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Associations Between Relative Value Units and Patient-Reported Back Pain and Disability

View Article: PubMed Central - PubMed

ABSTRACT

Objective:method:results:discussion:: To describe associations between health care utilization measures and patient-reported outcomes (PROs). Primary data were collected from patients ≥65 years with low back pain visits from 2011 to 2013. Six PROs of pain and functionality were collected 12 and 24 months after the index visits and total and spine-specific relative value units (RVUs) from electronic health records were tabulated over 1 year. We calculated correlation coefficients between RVUs and 12- and 24-month PROs and conducted linear regressions with each 12- and 24-month PRO as the outcome variables and RVUs as predictors of interest. We observed very weak correlations between worse PROs at 12 and 24 months and greater 12-month utilization. In regression analyses, we observed slight associations between greater utilization and worse 12- and 24-month PROs. We found that 12-month health care utilization is not strongly associated with PROs at 12 or 24 months.

No MeSH data available.


Related in: MedlinePlus

Study population with exclusion criteria.Note. BOLD = Back Pain Outcomes Using Longitudinal Data.
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fig1-2333721416686019: Study population with exclusion criteria.Note. BOLD = Back Pain Outcomes Using Longitudinal Data.

Mentions: The cohort for the 12-month analyses was comprised of 4,361 patients and, for the 24-month analyses, 3,754 patients. We excluded 878 (17%) patients from the 12-month analyses and 607 (12%) additional patients from the 24-month analysis because of missing follow-up assessments (and, therefore, missing the main PROs of this analysis), death, withdrawal, unavailable EHR data, or because they had lumbar surgery or visits for cancer in the year prior to their index visits (Figure 1).


Associations Between Relative Value Units and Patient-Reported Back Pain and Disability
Study population with exclusion criteria.Note. BOLD = Back Pain Outcomes Using Longitudinal Data.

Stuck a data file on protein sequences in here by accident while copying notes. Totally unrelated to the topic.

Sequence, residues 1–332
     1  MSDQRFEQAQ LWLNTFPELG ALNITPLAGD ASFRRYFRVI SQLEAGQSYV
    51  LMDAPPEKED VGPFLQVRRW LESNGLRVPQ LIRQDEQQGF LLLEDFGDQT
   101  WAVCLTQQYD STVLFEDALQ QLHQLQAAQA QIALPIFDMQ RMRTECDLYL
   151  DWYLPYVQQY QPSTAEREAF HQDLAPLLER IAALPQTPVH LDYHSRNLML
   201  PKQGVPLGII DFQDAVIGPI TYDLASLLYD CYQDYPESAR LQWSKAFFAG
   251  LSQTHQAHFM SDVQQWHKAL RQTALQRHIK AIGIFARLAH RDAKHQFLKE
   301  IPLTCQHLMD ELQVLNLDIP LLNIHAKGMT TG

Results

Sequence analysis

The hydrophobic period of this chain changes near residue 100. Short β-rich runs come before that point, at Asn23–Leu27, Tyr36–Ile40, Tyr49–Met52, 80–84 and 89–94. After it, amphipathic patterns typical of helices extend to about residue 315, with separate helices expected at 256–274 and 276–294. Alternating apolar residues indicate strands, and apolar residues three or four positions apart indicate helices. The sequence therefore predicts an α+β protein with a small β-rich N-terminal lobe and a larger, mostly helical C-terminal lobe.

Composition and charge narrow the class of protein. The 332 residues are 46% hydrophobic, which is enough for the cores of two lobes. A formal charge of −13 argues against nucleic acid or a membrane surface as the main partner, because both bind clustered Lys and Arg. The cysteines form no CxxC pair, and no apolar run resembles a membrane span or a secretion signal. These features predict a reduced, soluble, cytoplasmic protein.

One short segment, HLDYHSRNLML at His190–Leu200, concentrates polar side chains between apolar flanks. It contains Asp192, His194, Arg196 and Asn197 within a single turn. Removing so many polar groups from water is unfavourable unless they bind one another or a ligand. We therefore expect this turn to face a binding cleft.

© Copyright Policy - creative-commons
Related In: Results  -  Collection

License 1 - License 2 - License 3
Show All Figures
getmorefigures.php?uid=PMC5384601&req=5

fig1-2333721416686019: Study population with exclusion criteria.Note. BOLD = Back Pain Outcomes Using Longitudinal Data.
Mentions: The cohort for the 12-month analyses was comprised of 4,361 patients and, for the 24-month analyses, 3,754 patients. We excluded 878 (17%) patients from the 12-month analyses and 607 (12%) additional patients from the 24-month analysis because of missing follow-up assessments (and, therefore, missing the main PROs of this analysis), death, withdrawal, unavailable EHR data, or because they had lumbar surgery or visits for cancer in the year prior to their index visits (Figure 1).

View Article: PubMed Central - PubMed

ABSTRACT

Objective:method:results:discussion:: To describe associations between health care utilization measures and patient-reported outcomes (PROs). Primary data were collected from patients ≥65 years with low back pain visits from 2011 to 2013. Six PROs of pain and functionality were collected 12 and 24 months after the index visits and total and spine-specific relative value units (RVUs) from electronic health records were tabulated over 1 year. We calculated correlation coefficients between RVUs and 12- and 24-month PROs and conducted linear regressions with each 12- and 24-month PRO as the outcome variables and RVUs as predictors of interest. We observed very weak correlations between worse PROs at 12 and 24 months and greater 12-month utilization. In regression analyses, we observed slight associations between greater utilization and worse 12- and 24-month PROs. We found that 12-month health care utilization is not strongly associated with PROs at 12 or 24 months.

No MeSH data available.


Related in: MedlinePlus